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If This Isn’t a Big Part of Your Strategy for Raising Bilingual Kids, It Really Should Be

Reflections on our first trip back to the U.S. in five years

For much of June, we were in the U.S., visiting family and friends. This series of articles offers observations of that trip in connection with raising bilingual children.

The first thing I noticed after arriving in the United States were the billboards.

My mother had just picked us up at the airport in Memphis, Tennessee (after a long journey from Hiroshima to Tokyo to Chicago to Memphis) and was now driving us back to her house, in the early evening, for the first leg of our trip. As I sat in the front seat beside her, blinking sleepily out the window at the billboards lining the highway, I was struck by the fact that they were all in English.

English billboards in America—yes, I know that’s hardly a brilliant observation. But you must remember that, in Japan, all the billboards are in Japanese, our majority language. And not only the billboards, of course, but the signs, the posters, the flyers, the newspapers, the magazines, the text on household products and food packaging, the information sent home from school, even the labels on our underwear—the whole print environment is in Japanese.

But now our surroundings were suddenly and utterly different: everything was in English. (Well, except the labels on our underwear.)

Diarrhea Bear

It’s true, there’s some English to be seen in Japan, but it’s minimal compared to Japanese. And a surprising amount of this English isn’t exactly a conventional use of the language.

Like this sign…


This notice…

The restaurant with Bilingual menu

And this ad, which I find completely baffling…
(I sincerely hope he’s not “your only best friend.”)

Diarrhea Bear

My point here isn’t to belittle “non-standard” forms of English. (My Japanese is no doubt equally “non-standard”!) However, it’s nevertheless true that our surroundings in Japan don’t do a whole lot to support the development of my children’s minority language because models of conventional English are very limited in this print environment.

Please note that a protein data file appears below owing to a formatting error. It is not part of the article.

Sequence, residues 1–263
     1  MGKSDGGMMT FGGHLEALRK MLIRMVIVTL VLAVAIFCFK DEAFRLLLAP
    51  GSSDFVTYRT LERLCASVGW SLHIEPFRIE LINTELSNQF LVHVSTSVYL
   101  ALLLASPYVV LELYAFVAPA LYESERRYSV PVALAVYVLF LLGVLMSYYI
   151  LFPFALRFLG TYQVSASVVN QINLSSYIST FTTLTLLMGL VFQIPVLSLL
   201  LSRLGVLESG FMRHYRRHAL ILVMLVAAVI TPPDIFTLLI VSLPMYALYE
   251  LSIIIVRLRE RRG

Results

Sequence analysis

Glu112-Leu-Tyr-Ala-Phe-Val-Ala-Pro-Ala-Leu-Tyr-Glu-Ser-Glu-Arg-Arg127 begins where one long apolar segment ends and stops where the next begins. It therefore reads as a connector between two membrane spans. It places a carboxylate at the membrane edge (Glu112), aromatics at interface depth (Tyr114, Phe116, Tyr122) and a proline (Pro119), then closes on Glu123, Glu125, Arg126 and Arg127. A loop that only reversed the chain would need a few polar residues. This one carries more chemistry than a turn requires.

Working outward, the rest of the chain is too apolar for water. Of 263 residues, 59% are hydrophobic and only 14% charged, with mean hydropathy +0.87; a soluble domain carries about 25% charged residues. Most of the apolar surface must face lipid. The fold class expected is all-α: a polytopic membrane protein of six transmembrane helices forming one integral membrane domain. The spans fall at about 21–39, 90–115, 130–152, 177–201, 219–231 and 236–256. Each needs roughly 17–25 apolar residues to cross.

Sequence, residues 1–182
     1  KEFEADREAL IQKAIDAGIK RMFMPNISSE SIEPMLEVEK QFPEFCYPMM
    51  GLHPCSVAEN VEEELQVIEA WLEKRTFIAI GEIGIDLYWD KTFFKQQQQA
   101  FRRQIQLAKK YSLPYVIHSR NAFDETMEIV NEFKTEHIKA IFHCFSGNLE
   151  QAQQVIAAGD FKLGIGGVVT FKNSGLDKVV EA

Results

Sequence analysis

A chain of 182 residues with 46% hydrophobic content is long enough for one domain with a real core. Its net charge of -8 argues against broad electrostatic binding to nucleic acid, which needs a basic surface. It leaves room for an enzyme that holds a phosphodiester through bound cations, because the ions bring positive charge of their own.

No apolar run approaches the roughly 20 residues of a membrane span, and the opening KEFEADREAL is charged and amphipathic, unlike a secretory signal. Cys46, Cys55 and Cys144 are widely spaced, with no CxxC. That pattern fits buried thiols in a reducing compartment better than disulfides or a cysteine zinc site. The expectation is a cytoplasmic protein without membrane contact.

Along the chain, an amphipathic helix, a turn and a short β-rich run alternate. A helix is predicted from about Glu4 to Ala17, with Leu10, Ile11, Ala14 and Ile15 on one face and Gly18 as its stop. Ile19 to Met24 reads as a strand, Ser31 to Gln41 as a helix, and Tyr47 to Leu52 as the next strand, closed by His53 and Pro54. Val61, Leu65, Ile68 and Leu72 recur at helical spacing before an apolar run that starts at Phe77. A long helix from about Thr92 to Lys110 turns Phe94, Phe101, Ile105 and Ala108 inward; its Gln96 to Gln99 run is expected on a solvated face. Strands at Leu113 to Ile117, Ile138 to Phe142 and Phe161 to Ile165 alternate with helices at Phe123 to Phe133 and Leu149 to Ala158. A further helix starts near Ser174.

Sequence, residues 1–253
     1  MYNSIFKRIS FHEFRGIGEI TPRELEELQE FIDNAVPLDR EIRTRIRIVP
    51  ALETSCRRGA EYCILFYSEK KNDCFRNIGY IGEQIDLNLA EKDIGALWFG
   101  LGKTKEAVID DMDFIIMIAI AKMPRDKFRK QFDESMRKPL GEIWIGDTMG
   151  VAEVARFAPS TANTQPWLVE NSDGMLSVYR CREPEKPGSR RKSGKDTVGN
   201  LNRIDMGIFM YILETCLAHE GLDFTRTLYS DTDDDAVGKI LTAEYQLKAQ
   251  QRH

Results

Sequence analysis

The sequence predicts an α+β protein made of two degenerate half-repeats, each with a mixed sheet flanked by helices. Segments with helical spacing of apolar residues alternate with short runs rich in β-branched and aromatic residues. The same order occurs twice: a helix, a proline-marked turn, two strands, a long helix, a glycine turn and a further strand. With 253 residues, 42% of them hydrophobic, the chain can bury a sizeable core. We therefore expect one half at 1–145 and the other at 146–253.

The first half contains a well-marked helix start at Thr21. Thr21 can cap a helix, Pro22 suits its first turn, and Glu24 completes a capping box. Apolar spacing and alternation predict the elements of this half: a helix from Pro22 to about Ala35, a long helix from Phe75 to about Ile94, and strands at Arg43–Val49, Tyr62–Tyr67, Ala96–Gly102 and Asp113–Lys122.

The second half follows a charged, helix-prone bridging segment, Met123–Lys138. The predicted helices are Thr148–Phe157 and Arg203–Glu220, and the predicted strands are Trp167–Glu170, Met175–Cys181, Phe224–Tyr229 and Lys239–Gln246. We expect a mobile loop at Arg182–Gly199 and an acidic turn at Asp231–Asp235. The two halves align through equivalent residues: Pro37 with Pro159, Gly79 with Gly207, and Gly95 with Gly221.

Impact on the target language

In the U.S., though, our eyes were abruptly bathed in English! Depending on your perspective, of course, all this excessive messaging can be a negative influence, but for the purposes of language development, an abundance of print in the target language is enormously beneficial.

In fact, just minutes after we arrived in the U.S., and were driving along that Memphis highway, my kids, who are already pretty competent readers, began mumbling the words on the billboards we passed by. And this sort of “automatic reading response,” which occurs quite naturally when our eyes fall upon comprehensible text, then continued for the duration of our trip, everywhere we went.

By the end of our stay in the U.S., I was more convinced than ever: an environment that’s rich in print has a profound impact on a child’s language development simply through the persistent exposure it provides. When a child who has begun to read is continually exposed to examples of that target language in her environment, and her eyes unconsciously take in that text throughout the day, this regular “practice” offers powerful fuel for boosting language ability.

Create a print-rich environment

So where does that leave us as parents seeking to support the minority language in a print environment largely barren of that language?

We must make a continuous effort to replicate—on a more modest scale, in a more targeted way—the sort of print-rich surroundings we would find naturally in the home country. In other words, along with ample books and magazines in the minority language, we should take advantage of a strategy I call “captive reading” to craft an environment that will engage the same “automatic reading response” in our children and thus promote their language development on a daily basis.


Well, I’ve written several posts on the subject of captive reading and they’re a good place to begin. Not only do they offer concrete tactics for turning your home into a print-rich environment, they may inspire new ideas that suit your own special circumstances.

What Is Captive Reading and How Will It Help My Bilingual Child?
Captive reading is a highly effective strategy for increasing a child’s exposure to reading material and strengthening language ability.

Don’t Read These Words! (Really! Don’t Read These Words!)
Boost the time your children spend reading by taking advantage of the tendency to “automatically read” whatever words our eyes fall upon.